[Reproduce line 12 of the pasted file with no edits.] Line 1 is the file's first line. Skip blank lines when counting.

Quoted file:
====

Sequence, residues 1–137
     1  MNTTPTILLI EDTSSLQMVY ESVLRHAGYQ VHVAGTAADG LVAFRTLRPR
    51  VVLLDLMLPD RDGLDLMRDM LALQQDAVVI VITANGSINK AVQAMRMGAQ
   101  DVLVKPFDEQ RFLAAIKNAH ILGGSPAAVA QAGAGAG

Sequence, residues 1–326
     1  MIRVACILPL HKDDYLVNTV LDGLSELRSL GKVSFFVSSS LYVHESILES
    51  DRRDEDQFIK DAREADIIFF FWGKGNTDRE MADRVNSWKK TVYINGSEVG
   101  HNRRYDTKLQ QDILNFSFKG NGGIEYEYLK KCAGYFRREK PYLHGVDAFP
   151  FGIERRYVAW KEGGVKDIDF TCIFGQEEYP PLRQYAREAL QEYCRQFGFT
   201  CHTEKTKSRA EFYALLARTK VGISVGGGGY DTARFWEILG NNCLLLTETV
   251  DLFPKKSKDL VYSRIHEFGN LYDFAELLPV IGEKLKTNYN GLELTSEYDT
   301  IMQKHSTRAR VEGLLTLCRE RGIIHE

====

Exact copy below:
   301  IMQKHSTRAR VEGLLTLCRE RGIIHE